A screenshot of "My electrification plan" shows federal incentives, estimated costs and bill impacts for different projects.
A sampling of some of the projects recommended by Rewiring America’s electrification planner for homeowners. Users can give feedback (via the blue tab on the right) directly from the site. (Rewiring America)

What’s going on under the planning tool’s hood? Rewiring estimates upfront costs using real data from thousands of electrification projects done in California and Massachusetts, adjusting for inflation and local materials and labor costs.

The nonprofit has checked with contractors that the planner’s price ranges align with rates for typical jobs, Mercer said. But if consumers do get quoted a higher price, Mercer hopes the differential sparks a conversation about why that is, rather than halting the project in its tracks.

To estimate bill savings for appliance upgrades, Rewiring America draws on the National Renewable Energy Laboratory’s publicly available ResStock data set, which estimates energy savings across various electrification scenarios for 550,000 modeled U.S. residences. Rewiring America’s tool picks the modeled homes most similar to yours. Then it uses historical energy prices from the U.S. Energy Information Administration to translate kilowatt-hours to dollars saved. (It’s important to note that your projected energy bills might not go down in the short term if you’re switching to electricity and getting rid of cheap fossil gas.)

Gerardo Rodriguez, who’s looking to buy a heat-pump water heater, got to test drive the planner last year. Where it shines is it gives you the information that you need,” said the Raleigh, North Carolina homeowner. For example, the tool helped him uncover which heat-pump water heater models qualify for a 30 percent federal tax credit, which could save him up to $2,000.

The tool will only get better as users and contractors give Rewiring America feedback, Mercer said. Expect a steady drumbeat of improvements over the next six months.”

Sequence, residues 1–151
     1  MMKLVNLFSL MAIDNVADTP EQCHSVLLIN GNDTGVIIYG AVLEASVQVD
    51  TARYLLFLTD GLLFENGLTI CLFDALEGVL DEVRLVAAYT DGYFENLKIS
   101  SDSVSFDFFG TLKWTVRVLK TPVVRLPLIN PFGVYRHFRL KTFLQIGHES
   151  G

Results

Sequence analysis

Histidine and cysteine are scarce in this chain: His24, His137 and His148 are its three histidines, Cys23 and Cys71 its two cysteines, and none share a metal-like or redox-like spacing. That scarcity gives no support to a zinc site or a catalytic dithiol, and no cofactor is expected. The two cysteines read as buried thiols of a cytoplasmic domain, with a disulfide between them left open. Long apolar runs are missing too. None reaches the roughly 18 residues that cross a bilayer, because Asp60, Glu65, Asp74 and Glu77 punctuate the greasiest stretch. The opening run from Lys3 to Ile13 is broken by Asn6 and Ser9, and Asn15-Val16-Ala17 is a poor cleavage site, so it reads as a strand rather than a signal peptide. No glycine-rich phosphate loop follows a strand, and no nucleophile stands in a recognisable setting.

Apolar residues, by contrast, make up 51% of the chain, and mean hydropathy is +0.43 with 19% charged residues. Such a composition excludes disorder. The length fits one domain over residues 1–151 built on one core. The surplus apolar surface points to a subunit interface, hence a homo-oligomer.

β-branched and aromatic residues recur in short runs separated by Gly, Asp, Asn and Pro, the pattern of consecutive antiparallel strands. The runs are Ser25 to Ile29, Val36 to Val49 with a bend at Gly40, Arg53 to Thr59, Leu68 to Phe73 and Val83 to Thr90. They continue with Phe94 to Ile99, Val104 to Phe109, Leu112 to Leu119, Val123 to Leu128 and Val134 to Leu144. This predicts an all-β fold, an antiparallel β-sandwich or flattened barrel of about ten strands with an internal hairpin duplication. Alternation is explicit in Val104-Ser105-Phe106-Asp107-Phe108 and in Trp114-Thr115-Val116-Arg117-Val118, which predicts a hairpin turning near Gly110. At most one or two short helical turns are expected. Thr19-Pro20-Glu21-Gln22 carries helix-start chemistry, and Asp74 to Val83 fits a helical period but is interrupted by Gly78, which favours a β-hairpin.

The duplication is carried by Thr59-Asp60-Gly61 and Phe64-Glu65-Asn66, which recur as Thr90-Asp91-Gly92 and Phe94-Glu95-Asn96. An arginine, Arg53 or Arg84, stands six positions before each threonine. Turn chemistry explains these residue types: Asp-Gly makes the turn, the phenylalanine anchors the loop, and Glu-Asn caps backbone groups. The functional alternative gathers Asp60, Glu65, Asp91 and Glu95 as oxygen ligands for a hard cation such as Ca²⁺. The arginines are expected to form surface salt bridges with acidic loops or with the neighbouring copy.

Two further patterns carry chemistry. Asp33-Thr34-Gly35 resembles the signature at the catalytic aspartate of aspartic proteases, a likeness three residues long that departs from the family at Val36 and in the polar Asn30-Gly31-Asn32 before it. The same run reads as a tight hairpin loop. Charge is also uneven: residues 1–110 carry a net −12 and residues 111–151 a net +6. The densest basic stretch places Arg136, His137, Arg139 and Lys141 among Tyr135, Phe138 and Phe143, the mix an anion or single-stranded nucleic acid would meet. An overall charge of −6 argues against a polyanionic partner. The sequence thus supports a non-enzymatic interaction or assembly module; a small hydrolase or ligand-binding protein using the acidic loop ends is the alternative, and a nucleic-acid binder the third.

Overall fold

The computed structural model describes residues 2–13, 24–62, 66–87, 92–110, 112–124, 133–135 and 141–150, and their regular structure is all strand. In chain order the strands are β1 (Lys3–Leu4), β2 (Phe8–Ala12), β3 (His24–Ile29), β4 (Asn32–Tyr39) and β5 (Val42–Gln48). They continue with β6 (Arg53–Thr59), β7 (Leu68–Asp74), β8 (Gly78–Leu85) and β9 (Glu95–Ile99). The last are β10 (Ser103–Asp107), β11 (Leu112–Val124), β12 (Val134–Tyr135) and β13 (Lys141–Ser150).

Those updates will include matching users to local incentives, such as forthcoming electrification rebates as they’re rolled out by states; refining bill-savings estimates using utility rates; translating the tool into Spanish to make it more accessible to the more than 10 percent of the U.S. population who speaks the language at home; and connecting consumers to vetted local contractors.

Stewart of Electrify Now is especially looking forward to homeowners being able to find trusted contractors using Rewiring America’s planner. Some contractors are giving bad advice,” he said, encouraging homeowners to get backup gas-heating systems they don’t need — or dissuading them from heat pumps entirely. To ensure consumers have smooth experiences instead of frustrating ones, it’s important to point them to contractors who want to do this work.”

Home electrification can be a big, multifaceted undertaking, Rodriguez told Canary Media. But Rewiring America’s tool really does a good job at coaching you through what that process is going to look like.”

Alison F. Takemura is staff writer at Canary Media. She reports on home electrification, building decarbonization strategies and the clean energy workforce.